Yankees by the Numbers, by Bill Gutman
This is an excellent book to have nearby when watching a ball game. Want to know the Yankees who wore No. 13 before A-Rod? Look it up and you'll find such 'luminaries' as Antonio Osuna (2003), Michael Coleman (2001) and Cliff Mapes (1948). Gutman concentrates on the most famous of the number wearers in each group, all the way from one to 99, giving biographies, career accomplishments, stats and anecdotes. He occasionally opines on some of the more controversial players (A-Rod, Piniella, Billy Martin) but mainly keeps to the facts/stats.
Like I said, if you're watching a game and want to learn about the team's history, just open to any page and you'll probably learn something you didn't know. That is it's best asset. Gutman doesn't go into a lot of detail on any individual players, but he gives solid summaries of their careers and occasional anecdotes. It's quantity over quality, which is not necessarily bad since it serves the purpose of the book: giving a rundown of every Yankee to wear every number.
Also included are nearly 100 photos of baseball cards, which give a nice feel for the time period of the given player, often better than words can do. Yankees by the Numbers is a book that's meant to be read; it's not a coffee-table book for skimming. It has more 'meat' than most other let's-tell-you-how-great-the-Yankees-are books. While it works best for casual fans, even the hardcore among us will find a lot to like.
Yankee Classics, by Les Krantz
This is more of a traditional coffee-table style book with big, glossy pages that include a foreword by Whitey Ford and a DVD narrated by Reggie Jackson. It focuses exclusively on the Yankees' World Series appearances from 1921 to 2009, complete with reprinted ticket stubs, programs, pennants and photos.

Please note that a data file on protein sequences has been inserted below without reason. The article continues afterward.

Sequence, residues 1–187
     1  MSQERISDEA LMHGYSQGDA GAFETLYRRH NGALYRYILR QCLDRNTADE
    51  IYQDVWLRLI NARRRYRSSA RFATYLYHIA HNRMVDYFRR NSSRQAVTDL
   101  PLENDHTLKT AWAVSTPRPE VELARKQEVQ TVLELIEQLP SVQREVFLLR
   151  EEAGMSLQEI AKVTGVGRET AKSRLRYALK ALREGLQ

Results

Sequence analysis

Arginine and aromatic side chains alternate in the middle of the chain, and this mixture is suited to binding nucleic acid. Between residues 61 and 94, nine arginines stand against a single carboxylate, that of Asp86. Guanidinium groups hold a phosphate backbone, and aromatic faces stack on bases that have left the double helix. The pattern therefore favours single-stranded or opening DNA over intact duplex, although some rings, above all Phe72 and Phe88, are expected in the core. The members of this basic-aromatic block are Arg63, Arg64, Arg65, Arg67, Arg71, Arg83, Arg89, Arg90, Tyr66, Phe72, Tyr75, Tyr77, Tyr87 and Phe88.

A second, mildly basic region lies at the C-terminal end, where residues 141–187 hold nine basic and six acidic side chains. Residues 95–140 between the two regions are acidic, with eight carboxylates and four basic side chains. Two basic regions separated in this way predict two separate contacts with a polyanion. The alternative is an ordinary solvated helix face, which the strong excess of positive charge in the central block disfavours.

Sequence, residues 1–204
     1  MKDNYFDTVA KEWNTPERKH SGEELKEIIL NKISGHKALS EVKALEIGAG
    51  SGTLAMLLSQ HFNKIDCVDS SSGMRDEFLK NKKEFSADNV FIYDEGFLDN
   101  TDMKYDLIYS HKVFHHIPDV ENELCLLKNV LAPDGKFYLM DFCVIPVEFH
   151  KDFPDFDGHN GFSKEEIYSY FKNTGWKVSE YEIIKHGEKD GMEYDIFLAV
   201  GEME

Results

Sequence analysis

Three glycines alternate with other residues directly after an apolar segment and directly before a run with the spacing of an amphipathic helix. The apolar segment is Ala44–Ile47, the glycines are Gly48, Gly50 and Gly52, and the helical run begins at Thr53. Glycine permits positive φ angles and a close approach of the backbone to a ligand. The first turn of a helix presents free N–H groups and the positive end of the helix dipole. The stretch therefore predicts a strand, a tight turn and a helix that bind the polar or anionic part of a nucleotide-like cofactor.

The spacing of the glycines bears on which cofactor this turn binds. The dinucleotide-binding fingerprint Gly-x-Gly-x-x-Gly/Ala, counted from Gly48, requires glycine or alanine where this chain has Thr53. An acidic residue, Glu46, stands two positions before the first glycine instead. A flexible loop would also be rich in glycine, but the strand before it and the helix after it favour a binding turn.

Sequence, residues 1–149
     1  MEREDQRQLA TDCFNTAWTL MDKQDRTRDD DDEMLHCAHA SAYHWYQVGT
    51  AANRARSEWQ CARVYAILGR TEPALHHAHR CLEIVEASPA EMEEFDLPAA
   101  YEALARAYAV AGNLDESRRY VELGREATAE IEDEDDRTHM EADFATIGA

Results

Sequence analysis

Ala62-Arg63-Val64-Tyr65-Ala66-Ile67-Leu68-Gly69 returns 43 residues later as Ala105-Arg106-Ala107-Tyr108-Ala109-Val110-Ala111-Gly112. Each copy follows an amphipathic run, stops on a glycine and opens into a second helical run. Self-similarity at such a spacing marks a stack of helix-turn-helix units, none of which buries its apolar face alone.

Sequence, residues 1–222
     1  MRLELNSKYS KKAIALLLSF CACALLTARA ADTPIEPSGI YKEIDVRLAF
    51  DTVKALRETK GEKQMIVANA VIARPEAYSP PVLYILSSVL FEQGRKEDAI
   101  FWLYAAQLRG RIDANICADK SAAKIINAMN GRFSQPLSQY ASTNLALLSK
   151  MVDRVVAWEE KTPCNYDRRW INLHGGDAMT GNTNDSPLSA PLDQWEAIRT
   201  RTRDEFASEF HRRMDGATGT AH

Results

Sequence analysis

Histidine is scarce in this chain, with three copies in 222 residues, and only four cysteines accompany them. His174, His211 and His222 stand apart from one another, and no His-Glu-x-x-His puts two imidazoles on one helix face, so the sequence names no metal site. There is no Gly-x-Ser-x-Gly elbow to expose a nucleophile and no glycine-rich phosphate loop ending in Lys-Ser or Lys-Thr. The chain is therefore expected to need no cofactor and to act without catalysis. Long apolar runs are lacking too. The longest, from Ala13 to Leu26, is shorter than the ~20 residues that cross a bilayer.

It goes over most of the stuff you've seen before in these books, only it includes the '09 World Series: Ruth's Called Shot, Larsen's Perfect Game, Reggie's three homers, Leyritz' game-tying bomb and Matsui's 6-RBI in Game 6 to name a few.
The DVD features World Series highlights from 1921 to 1964. Jackson recounts the past feats of Ruth, Gehrig, DiMaggio, Berra, Mantle and Ford in October baseball. They rush through the Steinbrenner Yankees using only still photos, probably due to copyright laws. But the vintage footage is better than most I've seen. I love when runners back then would slide into a base and create a dust explosion. I don't know how the umpire could see anything. They also slid much closer to the bag than nowadays due to the bag's giving nature (as opposed to today's base which can break fingers and wrists if a runner isn't careful).
Anyway, it's a fine coffee-table book to gift or buy for yourself.